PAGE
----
Wisconsin State Journal:
STEVEN VERBURG email@example.com, 608-252-6118
Ships that enter the Great Lakes and dump millions of gallons of ocean water each year will soon need on-board water treatment systems designed to kill foreign organisms that cause hundreds of millions of dollars in damage as they spread.
The state Department of Natural Resources expects to begin enforcing the new requirements in the state’s ports some time this year, as soon as the U.S. Coast Guard and International Maritime Organization complete final technical and legal details that will allow state and federal regulations to take effect.
Shipping interest groups complain that on-board water treatment is too costly, but conservation advocates have been waiting for years for the systems to be installed.
The Great Lakes basin has been damaged by more than 180 non-native species such as the zebra mussel, round goby, sea lamprey and Eurasian milfoil that disrupt aquatic ecosystems, threaten to eliminate desirable native species, cause human health hazards, and harm tourism, fishing and farming industries.
The spiny water flea, for example, arrived in the Great Lakes in the 1980s and moved inland in the early 2000s, spreading so far to 18 lakes, streams, bays and canals. It undermines water quality and fishing by eating zooplankton, which provides food for juvenile fish and consumes algae that clouds lakes. There is no known way to eliminate the invader.
“Historically, ballast water was a huge pathway for many of these,” said Bob Wakeman, the DNR’s aquatic invasive species program coordinator.
Ships have ballast tanks — narrow cavities built into their hulls — to make them more stable when they are carrying little or no cargo. Without cargo, a vessel rides higher in the water and is more likely to capsize in waves and wind. Ocean or lake water is pumped into the cavities to make a ship heavier and give it a lower center of gravity. When the vessel reaches a port and takes on cargo, it discharges the ballast water and whatever organisms it carries.
On-board freshwater treatment systems may use filters and chemicals like chlorine to eliminate animal and plant life before the water is dumped.
The shipping industry has been fighting against treatment regulations for more than a decade, saying that it is too costly and that involvement by states could create a confusing patchwork of regulations.
When the federal Clean Water Act was passed in 1972 there wasn’t great awareness about invasive species.
The Natural Resources Defense Council went to court to force the U.S. Environmental Protection Agency to regulate dumping of ballast, said Scott Slesinger, legislative director for NRDC in Washington.
Starting in 2006, ships expecting to enter U.S. or Canadian territory were required to exchange ballastin the ocean far from shore, Slesinger said. The ships dump ballast taken on in freshwater or near ocean shorelines where aquatic life is plentiful, and take on ballast less likely to harbor anything that could thrive in freshwater.
Since then, no new invasive species have been found in the Great Lakes, but the mid-ocean exchange was always considered a stopgap until on-board treatment could be instituted, Slesinger said.
A better option would be a requirement that ballast water be piped on-shore for more extensive treatment than the water can receive on a ship, Slesinger said.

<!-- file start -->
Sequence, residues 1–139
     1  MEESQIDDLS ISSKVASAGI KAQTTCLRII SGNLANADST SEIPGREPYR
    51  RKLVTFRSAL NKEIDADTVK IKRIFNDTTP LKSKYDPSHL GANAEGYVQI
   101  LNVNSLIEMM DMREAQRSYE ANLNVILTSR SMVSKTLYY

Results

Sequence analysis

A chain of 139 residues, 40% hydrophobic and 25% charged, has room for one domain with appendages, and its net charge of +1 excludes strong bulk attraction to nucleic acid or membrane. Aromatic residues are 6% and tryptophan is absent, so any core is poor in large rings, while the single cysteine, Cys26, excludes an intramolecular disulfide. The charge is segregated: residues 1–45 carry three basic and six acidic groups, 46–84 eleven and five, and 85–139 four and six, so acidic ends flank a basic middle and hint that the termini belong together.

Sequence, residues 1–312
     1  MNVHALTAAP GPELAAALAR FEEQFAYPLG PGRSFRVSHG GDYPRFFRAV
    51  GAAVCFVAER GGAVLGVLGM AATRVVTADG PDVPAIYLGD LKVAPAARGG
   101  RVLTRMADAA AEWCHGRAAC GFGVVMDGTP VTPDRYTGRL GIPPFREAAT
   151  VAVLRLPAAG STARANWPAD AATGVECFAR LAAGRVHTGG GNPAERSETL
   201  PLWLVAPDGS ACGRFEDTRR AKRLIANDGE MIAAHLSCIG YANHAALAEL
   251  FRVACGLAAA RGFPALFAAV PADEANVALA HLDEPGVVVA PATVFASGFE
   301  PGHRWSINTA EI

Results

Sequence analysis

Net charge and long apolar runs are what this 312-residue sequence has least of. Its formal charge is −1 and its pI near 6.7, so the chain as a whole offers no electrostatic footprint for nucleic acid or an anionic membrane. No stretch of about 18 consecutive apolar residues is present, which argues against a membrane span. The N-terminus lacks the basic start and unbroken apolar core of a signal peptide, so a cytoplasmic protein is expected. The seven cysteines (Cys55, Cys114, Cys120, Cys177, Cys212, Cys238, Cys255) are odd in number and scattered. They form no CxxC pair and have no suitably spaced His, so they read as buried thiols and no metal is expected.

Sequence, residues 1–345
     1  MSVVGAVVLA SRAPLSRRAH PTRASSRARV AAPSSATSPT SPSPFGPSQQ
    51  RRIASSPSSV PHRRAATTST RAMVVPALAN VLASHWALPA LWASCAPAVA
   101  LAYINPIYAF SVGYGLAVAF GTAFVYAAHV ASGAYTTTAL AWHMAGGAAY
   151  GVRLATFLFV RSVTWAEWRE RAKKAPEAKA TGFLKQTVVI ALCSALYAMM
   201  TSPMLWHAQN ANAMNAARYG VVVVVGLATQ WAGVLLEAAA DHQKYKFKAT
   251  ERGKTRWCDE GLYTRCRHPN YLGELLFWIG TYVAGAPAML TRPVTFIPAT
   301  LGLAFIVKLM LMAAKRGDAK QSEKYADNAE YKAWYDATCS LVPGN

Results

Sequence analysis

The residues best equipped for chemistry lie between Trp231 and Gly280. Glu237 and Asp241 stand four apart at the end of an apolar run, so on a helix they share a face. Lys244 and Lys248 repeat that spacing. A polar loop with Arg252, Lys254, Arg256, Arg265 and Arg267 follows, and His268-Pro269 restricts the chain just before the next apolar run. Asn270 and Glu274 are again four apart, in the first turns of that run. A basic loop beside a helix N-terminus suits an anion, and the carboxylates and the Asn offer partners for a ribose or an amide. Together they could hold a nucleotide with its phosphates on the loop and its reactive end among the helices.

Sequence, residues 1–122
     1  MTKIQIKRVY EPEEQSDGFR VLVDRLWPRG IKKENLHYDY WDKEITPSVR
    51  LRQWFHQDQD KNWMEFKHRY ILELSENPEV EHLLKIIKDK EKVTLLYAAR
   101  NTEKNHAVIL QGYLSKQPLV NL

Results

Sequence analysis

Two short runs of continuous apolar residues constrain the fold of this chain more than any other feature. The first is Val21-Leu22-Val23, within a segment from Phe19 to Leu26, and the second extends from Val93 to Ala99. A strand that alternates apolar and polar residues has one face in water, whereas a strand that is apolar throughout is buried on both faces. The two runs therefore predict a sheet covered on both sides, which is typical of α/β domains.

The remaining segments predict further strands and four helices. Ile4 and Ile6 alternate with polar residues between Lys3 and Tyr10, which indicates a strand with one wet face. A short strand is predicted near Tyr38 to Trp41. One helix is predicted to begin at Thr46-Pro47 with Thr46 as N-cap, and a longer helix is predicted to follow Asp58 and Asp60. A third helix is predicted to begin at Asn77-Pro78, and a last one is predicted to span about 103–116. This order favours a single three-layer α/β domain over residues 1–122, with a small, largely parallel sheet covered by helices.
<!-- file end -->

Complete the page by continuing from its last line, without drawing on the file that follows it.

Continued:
A potential roadblock to on-board treatment stands in the form of a proposed law that was added to a pending military budget authorization by U.S. Rep. Marco Rubio, the Florida Republican.
The proposal, which Rubio previously placed in a tax bill, and which has been defeated in previous years, would prevent the water treatment rules from taking effect and repeal all regulation of ballast water, including the midocean
The House of Representatives passed the bill Wednesday. Next it goes to the U.S. Senate, and conservation groups are mobilizing to prevent passage there.
Last year 60 industry groups — including the Cruise Lines International Association and the American Great Lakes Ports Association — signed a letter supporting Rubio’s efforts to prevent on-board treatment.
But at least one shipping line that runs ocean-going vessels in and out of the Great Lakes is already installing systems.
“The lakes are delicate and fragile environments, and we feel a responsibility to be protective of them,” said Marc Gagnon, a spokesman for Montreal-based Fednav. The company operates a fleet of 75 cargo vessels, including 35 that it considers its core business of moving cargo between Great Lakes and international ports.
A ballast water treatment system on the Federal Biscay is being tested in the Superior harbor, Gagnon said. The company is expecting delivery of four more similar vessels from a Japanese manufacturer in the next few months. Treatment equipment adds about $500,000 to the cost of a new ship.
It costs twice as much to retrofit a ship with the equipment, Gagnon said.
When the new regulations take effect, ships will be required to add treatment systems when they are in dry dock for maintenance, which is about every five to seven years, said Susan Sylvester, who directs the Wisconsin DNR water quality bureau.
Sylvester was in Superior recently for a demonstration on the Federal Biscay with agency inspectors from the Superior, Milwaukee and Green Bay ports.
“I’m telling you, it’s been a long time coming,” Sylvester said.
Because of strong public concerns about invasive species, DNR regulations approved in 2010 included a standard 100 times stricter than the International Maritime Organization limit for organisms in ballast discharged into the Great Lakes.